To use Scalia's version of original intent: Would a reasonable person at the time of the 14th amendment have understood it to have anything to say about abortion or whether the unborn have rights? It seems the terminology is about rights for Americans as opposed to foreigners, not born versus unborn.

What about the Declaration? Our nation was founded on an appeal to inalienable rights. What happens when the judiciary makes a ruling that seems to undermine an inalienable right?

While I could see a right to privacy in the unenumerated rights of the 14th, that's not at all the same as the right to destroy human life in private.

But I concede your larger point. It can't be both federal and state-level.

Brendan said...

I think there are a few women very close to him -- perhaps four close family members -- who talk about the importance of letting women govern the insides of their own bodies

Um, we're not talking about having a tooth pulled. Society has deemed a whole slew of things that you can't do with your body. And for the umpteenth time, the overturning of Roe would not mean the end of abortion. The vast majority of states would remain pro-choice. But the pro-abortion zealots can't stand the thought of even one state denying this so-called right.

Simon said...

Madcat:
The former has more textual support in the Constitution, which reserves unenumerated rights to citizens *born* in the U.S. from government interference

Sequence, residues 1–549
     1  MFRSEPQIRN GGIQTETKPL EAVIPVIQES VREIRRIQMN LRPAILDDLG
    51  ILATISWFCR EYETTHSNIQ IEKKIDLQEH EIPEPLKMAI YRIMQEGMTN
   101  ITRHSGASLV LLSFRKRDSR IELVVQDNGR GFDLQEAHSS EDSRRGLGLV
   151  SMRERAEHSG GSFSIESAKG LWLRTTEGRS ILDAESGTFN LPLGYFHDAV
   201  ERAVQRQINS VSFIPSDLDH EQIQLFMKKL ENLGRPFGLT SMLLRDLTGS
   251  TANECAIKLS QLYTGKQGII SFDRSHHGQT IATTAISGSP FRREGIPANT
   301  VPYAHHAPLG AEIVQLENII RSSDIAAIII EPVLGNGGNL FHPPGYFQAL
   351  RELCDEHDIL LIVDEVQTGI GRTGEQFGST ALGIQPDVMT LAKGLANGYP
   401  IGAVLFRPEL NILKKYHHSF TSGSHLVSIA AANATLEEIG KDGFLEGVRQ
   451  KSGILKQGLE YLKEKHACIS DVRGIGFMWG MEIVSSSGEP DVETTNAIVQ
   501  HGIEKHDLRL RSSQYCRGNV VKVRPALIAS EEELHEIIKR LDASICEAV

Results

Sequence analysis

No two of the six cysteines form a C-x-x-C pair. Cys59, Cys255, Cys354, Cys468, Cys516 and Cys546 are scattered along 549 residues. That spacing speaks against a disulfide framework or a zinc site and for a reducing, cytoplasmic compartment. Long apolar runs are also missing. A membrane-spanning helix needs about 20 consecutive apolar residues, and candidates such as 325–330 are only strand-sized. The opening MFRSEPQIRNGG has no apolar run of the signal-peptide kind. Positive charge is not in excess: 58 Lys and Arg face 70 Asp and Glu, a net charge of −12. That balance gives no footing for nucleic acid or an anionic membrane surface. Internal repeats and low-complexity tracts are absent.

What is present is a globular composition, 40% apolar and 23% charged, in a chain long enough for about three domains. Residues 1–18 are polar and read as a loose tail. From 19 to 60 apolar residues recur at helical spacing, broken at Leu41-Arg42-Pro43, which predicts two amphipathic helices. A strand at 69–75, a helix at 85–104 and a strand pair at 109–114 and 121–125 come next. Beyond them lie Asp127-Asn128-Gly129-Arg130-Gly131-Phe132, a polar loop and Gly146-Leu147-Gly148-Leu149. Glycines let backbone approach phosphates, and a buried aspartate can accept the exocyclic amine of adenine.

I would say that, almost by definition, the Constitution doesn't reserve unenumerated rights to anybody, born or unborn. It reserves certain rights - specific privacy rights, which would seem to me to deny a general privacy right, being some of them - to citizens. But note that the 14th amendment has some provisions that relate to all citizens and some which relate to all PERSONS. Determining what the difference between those two propositions was generally understood at the time of ratification is the key to understanding the scope of applying the 14th amendment to abortion.

Brendan,
[F]or the umpteenth time, the overturning of Roe would not mean the end of abortion. The vast majority of states would remain pro-choice.

As noted above, I disagree. Let's test the theory.

Simon said...

Jeff:
What about the Declaration? Our nation was founded on an appeal to inalienable rights. What happens when the judiciary makes a ruling that seems to undermine an inalienable right?

IMHO, when that right is protected by a constitutional provision, that ruling is wrong. When that ruling is not protected by a constitutional provision, then the courts must defer.